Both religious and secular sides have found solutions to the frequent disagreements between them, such as granting marriage licenses to same-sex couples at clerks offices in deeply conservative counties where certain clerks refuse per their religious convictions. They are allowed to opt-out provided another clerk is available to sign the license. Some instances are more challenging than this, but we just have to find ways to overcome these challenges and keep the conversation going.


This is what the world is coming to... ... news speak and double think. It's like 1984 coming true.

Freedom of religion is a good idea, it should be a basic right guranteed by law. But when your religion insists on taking away the rights of other people (such as homosexuals), then this is a case of your do not have the right to infringe on another person's right, which is a very well established principle of this entire bill of rights thing.

The reason why this is part of normal politics is because some right wing politicians are delibrately ignoring the principle I mentioned above, because by confusing the meaning of "freedom of religion" they can score extra brownie points with the fundamentalist christians.
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Posted 9/21/16 , edited 9/21/16

mdmrn wrote:


MysticGon wrote:

I don't think a government that prides itself of the separation of church and state should get involved in matters of religion unless in presents a clear danger to it's congregation with human sacrifices and things like that. But when it comes to discrimination? I don't think a Jewish synagogue should be forced to hire a Christian and don't see any problem in asking about their faith before they are hired.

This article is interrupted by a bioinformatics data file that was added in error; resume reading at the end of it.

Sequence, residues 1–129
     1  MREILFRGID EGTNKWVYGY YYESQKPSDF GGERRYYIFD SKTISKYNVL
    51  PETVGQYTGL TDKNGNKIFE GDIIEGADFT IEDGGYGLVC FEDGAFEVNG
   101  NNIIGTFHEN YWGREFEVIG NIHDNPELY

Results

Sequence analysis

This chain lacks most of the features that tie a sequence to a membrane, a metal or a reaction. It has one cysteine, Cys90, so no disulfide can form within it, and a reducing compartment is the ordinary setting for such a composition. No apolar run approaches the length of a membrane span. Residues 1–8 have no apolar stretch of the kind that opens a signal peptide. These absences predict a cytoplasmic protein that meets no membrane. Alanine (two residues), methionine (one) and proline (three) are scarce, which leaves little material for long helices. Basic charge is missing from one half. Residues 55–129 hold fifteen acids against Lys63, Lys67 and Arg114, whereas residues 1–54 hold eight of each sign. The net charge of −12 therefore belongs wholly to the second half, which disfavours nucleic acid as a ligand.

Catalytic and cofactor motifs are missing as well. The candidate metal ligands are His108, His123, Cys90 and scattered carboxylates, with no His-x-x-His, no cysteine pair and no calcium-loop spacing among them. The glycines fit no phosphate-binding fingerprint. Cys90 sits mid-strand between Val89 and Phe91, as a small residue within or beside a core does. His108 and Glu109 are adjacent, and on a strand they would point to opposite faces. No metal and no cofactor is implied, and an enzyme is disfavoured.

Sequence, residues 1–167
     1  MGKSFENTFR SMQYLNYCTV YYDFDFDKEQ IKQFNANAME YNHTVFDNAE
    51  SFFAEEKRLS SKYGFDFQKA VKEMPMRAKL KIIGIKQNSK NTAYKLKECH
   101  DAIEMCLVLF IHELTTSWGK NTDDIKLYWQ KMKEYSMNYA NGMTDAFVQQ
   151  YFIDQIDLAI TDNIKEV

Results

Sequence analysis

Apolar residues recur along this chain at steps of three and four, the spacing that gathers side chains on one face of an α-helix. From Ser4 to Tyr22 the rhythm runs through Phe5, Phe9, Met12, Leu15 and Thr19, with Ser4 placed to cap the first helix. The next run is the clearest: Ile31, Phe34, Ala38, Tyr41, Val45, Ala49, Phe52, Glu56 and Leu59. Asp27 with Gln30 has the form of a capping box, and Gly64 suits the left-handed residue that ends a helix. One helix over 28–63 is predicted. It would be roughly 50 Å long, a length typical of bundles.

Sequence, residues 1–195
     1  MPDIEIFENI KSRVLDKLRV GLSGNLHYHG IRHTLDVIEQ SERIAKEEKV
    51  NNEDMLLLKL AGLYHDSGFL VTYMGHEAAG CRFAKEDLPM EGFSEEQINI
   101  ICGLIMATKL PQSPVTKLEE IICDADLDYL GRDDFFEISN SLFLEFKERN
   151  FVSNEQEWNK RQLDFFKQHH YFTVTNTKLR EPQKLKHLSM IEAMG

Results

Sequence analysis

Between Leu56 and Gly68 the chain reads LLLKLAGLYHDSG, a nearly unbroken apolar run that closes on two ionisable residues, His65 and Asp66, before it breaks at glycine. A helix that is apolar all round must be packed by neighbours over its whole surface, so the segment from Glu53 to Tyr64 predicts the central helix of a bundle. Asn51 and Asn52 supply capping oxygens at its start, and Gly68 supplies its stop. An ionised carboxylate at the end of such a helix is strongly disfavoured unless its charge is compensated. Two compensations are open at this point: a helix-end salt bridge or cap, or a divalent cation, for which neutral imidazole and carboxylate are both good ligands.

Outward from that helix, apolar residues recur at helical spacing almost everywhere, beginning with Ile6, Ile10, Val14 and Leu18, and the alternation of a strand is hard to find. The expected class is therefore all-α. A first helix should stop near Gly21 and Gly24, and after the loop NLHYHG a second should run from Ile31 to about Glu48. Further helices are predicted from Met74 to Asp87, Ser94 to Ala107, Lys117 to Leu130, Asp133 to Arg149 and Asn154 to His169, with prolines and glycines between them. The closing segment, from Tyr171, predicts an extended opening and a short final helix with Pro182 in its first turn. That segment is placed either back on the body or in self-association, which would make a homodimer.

Now if you pay taxes to the country you have to follow their laws, which means no discrimination. You should be able to opt out of certain things like with Hobby Lobby or say you open up a school for atheist and you want to do away with the Pledge of Allegiance.

No country should tell a religion how it should do things.

I agree.

I do not believe a Mosque should be forced to marry a Hindu couple. Neither should a Catholic Church be forced to perform a same-sex wedding. Why? In both instances the couples do not adhere to the strict faith of the church/mosque/place of worship in question. I don't think that should be a controversial train of thought, but it is for some.

Regarding religious charitable organizations, I have no problem with a religious "litmus" test for how they hire and do business. Again, this is similar to the way MysticGon refers to it above with the synagogue not be forced to hire a Christian employee.

For private companies, they're privately held companies and the right to operate as they see fit within the confines of the law. That said, what laws make the most sense is still going to be in question. A business should still have the right to do business and deny business as they see fit. Should a Jewish baker be forced to make a cake with Nazi iconography on it? Of course not. Should a deli run by an Islamic family be forced to serve pork and bacon when it's against Halal dietary law? Of course not. Can a restaurant deny someone business for coming in naked? Yes. So, the next question becomes (as is the public debate usually) can a bakery run by Christians choose to deny business for a same-sex wedding cake? I say yes by the same logic. That's just me. Just as a homosexual baker would be within their right to deny business to the Westboro Cult if they wanted a "GOD HATES F*GS" cake made. While the latter is more inflammatory, both go against their core beliefs. If you own the business, you have a right to deny business. If it's not yours though, then that's not your call to make.

Now, it comes down to what I would do if it were me, would I deny their business? No, even as a Christian I still would have no problem baking a cake for whoever. Then again, I'm not a baker - so the cake I would make would probably be terrible.


Nothin for me to say except thank goodness people who can actually explain these things well are in this thread